Court of Appeal Upholds Decision on Project Separability and Staged Environmental Assessments in Sizewell C Case

Citation: [2023] EWCA Civ 1517
Judgment on


In the notable case of Together Against Sizewell C Limited, R (on the application of) v Secretary of State for Energy Security and Net Zero, the Court of Appeal (Civil Division) addressed key legal principles relating to “appropriate assessment” under the Habitats Regulations, project separability, and the staged approach to environmental assessments. This case presents significant guidance on how decision-makers should regard interconnected projects concerning environmental impact assessments, especially in the planning context of nationally significant infrastructure projects.

Key Facts

The appellant, Together Against Sizewell C Limited (TASC), challenged the Secretary of State’s decision to grant a development consent order for Sizewell C nuclear power station, arguing that it erred in law by not including the permanent supply of potable water as part of the project’s “appropriate assessment” under Regulation 63 of the Habitats Regulations. The Secretary of State differentiated between the construction of the power station and the supply of potable water as separate projects, the latter being inchoate and left to be addressed in the future by Northumbrian Water Limited’s (NWL) water resources management plan (WRMP24).

Project Separability and “Appropriate Assessment”

The court reinforced the principle that decision-makers possess the discretion to determine the nature and extent of a “project” under the Habitats Regulations, applying conventional Wednesbury principles to evaluate the reasonableness of such determinations ([Bowen-West v Secretary of State for Communities and Local Government (2012)]([2012] Env. L.R. 22) and [Ashchurch Parish Council v Tewksbury Borough Council ([2023] PTSR 1377]).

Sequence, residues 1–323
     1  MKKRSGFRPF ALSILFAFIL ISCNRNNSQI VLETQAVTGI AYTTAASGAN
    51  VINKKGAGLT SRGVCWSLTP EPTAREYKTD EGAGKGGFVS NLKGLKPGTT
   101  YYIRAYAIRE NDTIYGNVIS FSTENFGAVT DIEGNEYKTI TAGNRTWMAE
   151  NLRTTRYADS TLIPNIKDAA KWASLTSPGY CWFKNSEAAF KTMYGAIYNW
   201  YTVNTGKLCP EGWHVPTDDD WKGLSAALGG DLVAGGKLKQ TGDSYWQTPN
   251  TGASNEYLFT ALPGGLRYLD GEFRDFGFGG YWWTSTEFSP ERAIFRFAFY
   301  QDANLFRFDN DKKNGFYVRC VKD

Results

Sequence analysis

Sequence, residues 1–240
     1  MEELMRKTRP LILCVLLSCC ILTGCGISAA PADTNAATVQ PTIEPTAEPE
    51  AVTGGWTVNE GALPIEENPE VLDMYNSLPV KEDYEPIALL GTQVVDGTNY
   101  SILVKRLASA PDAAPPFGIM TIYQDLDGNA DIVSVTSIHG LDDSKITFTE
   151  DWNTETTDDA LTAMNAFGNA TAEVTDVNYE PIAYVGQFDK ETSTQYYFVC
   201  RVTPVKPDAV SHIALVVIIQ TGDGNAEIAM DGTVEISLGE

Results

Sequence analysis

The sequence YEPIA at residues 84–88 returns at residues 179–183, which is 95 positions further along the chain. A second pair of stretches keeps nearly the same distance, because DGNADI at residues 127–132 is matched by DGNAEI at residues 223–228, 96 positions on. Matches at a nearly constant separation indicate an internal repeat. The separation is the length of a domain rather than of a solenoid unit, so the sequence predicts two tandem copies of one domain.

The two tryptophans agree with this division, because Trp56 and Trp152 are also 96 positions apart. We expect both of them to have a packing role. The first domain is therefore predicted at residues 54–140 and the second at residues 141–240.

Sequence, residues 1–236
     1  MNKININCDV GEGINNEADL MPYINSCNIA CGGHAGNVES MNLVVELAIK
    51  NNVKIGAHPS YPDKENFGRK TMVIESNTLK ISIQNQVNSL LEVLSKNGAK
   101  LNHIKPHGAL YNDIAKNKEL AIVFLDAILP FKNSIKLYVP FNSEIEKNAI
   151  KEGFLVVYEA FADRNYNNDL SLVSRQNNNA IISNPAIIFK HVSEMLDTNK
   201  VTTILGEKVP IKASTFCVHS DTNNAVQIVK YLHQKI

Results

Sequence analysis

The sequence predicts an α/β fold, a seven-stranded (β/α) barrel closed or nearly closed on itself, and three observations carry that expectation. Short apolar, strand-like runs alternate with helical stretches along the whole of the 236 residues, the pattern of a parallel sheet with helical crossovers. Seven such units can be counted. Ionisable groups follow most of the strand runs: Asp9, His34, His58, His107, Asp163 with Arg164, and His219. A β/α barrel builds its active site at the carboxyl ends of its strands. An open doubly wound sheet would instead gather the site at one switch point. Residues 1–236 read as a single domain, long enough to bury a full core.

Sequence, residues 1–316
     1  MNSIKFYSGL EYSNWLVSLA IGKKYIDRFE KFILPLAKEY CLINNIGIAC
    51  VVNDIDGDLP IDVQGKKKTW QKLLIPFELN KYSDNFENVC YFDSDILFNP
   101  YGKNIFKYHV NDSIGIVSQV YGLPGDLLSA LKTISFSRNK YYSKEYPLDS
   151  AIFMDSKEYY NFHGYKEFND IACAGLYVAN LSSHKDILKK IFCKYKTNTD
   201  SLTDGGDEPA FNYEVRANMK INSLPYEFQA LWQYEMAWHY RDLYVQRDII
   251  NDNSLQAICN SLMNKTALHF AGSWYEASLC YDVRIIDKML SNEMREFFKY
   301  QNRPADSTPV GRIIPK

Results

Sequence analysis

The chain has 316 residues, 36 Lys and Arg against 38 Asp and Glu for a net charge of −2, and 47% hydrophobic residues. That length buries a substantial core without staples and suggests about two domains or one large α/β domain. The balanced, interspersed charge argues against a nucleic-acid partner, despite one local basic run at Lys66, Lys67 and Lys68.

The “Staged Approach” to Assessment

Endorsing a “staged approach” to environmental assessment, the court accepted this method as legitimate to prevent what has been labelled “sclerosis in the planning system” ([Forest of Dean (Friends of the Earth)) v Forest of Dean District Council [2015] PTSR 1460]). This approach allows for the consideration of cumulative effects to be deferred to a subsequent stage when those effects are sufficiently identifiable.

Non-Salami Slicing

The court drew a distinction between cases of “salami-slicing” or “project-splitting” to avoid assessment and cases where separate assessments are warranted due to the inchoate nature of one of the projects. The court rejected the notion that every aspect of potential future connected projects has to be definitively assessed before any can progress, asserting instead that projects can be treated as separate and assessed accordingly per their own development and consent stages.

An essential legal aspect considered was the statutory duty of utility companies under relevant legislation like the Water Industry Act 1991, which the court found influential in determining whether projects related to such utilities should be treated as separate from the primary development.


The appeal was dismissed on the grounds that the Secretary of State made no error in determining that the permanent supply of potable water to the power station was a separate project and in choosing to defer the assessment of its environmental impact to a later stage. This means the decision to grant development consent for the nuclear power station stood, notwithstanding the ongoing assessment and eventual determination of the water supply issue.


The ruling confirms the court’s endorsement of a wider discretion afforded to decision-makers in determining the nature and extent of a project for the purposes of the Habitats Regulations. It upholds the “staged approach” for assessing interconnected, but separate, projects. The decision exemplifies a pragmatic approach to environmental assessment, allowing nationally significant infrastructure projects to proceed without delay, while ensuring that future projects with potential cumulative environmental impacts will still undergo rigorous assessments at the appropriate stage.

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